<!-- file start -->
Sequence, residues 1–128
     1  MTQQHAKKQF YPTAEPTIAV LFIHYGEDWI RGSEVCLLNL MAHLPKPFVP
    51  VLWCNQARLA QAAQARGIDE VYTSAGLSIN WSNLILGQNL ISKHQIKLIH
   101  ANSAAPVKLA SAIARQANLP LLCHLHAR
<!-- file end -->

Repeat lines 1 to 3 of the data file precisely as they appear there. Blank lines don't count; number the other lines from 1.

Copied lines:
Sequence, residues 1–128
     1  MTQQHAKKQF YPTAEPTIAV LFIHYGEDWI RGSEVCLLNL MAHLPKPFVP
    51  VLWCNQARLA QAAQARGIDE VYTSAGLSIN WSNLILGQNL ISKHQIKLIH